Some landmark buildings – the Gherkin, the Bank of England, Llyod's – get all the attention, but it is the unexpected treasures on the way that make the Open House weekends so satisfying. Being Open House veterans, we had picked a number of more obscure targets. Unfortunately, the early examples of urban sanitation that have always featured prominently on my private wish list – King George V Pumping Station, Markfield Beam Engine and especially Crossness Pumping Station – once again didn't make it because they're too far out.

We didn't get off to a good start. Our first calling point, artists' studios near Barons Court station were only open on Sunday. It would have helped to read the directions properly. At least we had all the time in the world to leisurely travel to Waterloo for the next stop. The 1901 Arts Club is a Victorian schoolmaster's home transformed into an intimate performance space resembling a turn-of-the-century salon. The building itself was an unexpected delight and the short flute and piano recital the best possible advertisement for their concerts. Go there!

This highlight of the day was followed by two duds. We didn't find Marlborough House and ended up in the Royal Society, and then missed out on the Caledonian Club, a private club for gentlemen in skirts, because, again, it was only open on Sunday. Who did the planning here? The day ended on an upward trajectory with visits to 1508, a luxury design studio with rather decadent projects for oligarchs and petro-royalty, and the Channel 4 headquarters.

On Sunday, we wanted to see the Gherkin. The ballot that used to be on that building had been lifted this year. We expected a wait but weren't prepared for what we found. People queued down the road and around the block. There was no hope. We went to a nearby church instead where the tour guide claimed the wait for the Gherkin was five hours. With rain falling harder outside, our decision had been right.

The church was St. Helen's, a rather curious and quite charming Church of England outfit. The church arose from two medieval buildings erected side by side with a shared wall, a footprint I hadn't encountered before. Today, it serves a far-flung community of City workers, economic mercenaries and students. The tour guide matched the vibe after the service: positive, inclusive and happy.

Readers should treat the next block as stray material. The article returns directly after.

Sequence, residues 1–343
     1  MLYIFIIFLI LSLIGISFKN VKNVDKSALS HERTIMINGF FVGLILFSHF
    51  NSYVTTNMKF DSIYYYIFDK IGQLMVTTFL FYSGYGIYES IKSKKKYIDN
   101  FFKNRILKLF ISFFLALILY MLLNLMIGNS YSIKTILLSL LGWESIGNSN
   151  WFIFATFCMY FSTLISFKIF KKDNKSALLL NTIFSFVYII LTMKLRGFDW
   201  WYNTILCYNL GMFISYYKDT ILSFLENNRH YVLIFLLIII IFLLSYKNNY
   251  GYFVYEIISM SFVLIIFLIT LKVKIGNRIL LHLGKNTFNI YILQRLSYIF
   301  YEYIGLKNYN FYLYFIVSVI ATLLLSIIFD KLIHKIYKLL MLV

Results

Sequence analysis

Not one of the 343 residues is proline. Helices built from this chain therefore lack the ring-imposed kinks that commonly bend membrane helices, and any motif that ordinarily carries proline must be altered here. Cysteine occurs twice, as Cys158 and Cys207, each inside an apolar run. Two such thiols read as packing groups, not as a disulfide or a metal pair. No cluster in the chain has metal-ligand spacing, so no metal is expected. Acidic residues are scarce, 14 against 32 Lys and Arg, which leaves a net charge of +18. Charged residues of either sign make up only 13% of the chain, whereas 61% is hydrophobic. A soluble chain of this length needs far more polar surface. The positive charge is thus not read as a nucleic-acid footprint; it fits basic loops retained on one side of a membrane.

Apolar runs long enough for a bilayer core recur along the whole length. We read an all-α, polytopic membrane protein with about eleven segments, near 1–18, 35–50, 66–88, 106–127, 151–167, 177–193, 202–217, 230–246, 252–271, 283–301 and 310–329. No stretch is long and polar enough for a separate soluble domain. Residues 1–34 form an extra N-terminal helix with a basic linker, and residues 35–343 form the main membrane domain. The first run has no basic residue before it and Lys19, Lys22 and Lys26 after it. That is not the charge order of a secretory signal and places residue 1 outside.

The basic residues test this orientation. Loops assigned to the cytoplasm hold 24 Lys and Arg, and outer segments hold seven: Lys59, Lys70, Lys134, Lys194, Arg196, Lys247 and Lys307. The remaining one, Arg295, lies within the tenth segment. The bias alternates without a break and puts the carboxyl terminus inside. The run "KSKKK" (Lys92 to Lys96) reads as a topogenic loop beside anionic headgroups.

Our next stop was few minutes east, near Liverpool St station. 30 Crown Place is an office tower just outside the city and proudly the mightiest building in the adjacent borough of Hackney. An associate of the building's architect and an employee of the building's tenant, a law firm, gave a tour of the top-floor client reception area and the mid-level cafeteria. How come richly remunerated corporate lawyers pay less for their lunches than postdocs slaving away at Imperial?

We lost our focus somewhat after this visit. There were a few places we didn't find (smartphone, anyone?) and some time we spent wandering around the wet pavements of Brick Lane. As the hours passed, so did our options. A surprising highlight remained. Not far from Kensington Olympia station and right along the tracks is an architect's wet-dream-turned-reality, a modern home hidden at the end of a crumbling mews.

The architect himself was at hand to show off his home, and what a place it was: a psychedelic LED dance floor next to an indoor basement fish pond, a sauna with a glass door and mood lighting, a kitchen whose ingeniously hidden appliances were offset by the 16-foot-long golden sofa, kids' bedrooms that looked like Japanese pod hotel rooms...

The house was staggering in size, especially given the unassuming entrance door, and awesome in its details, but when my initial amazement had worn off I had to admit that I was glad not to live there. Everything – and I mean every little thing in the house – was designed to be in its place. Nothing could be moved, presumably because doing do would go against the architect's vision. Furniture was bolted down, sunk into the floor or extruded from walls. Anything of use was hidden behind clinically white sliding doors.

In stark contrast to these strong currents of enforced minimalism were the dance floor and the light, which periodically changed from pink to light blue but always remained artificial and neon. It looked like a party hub with a flat added as an afterthought. Living there I'd go mad quickly, I think. But when do you get a chance to see such a folly? Only in Open House.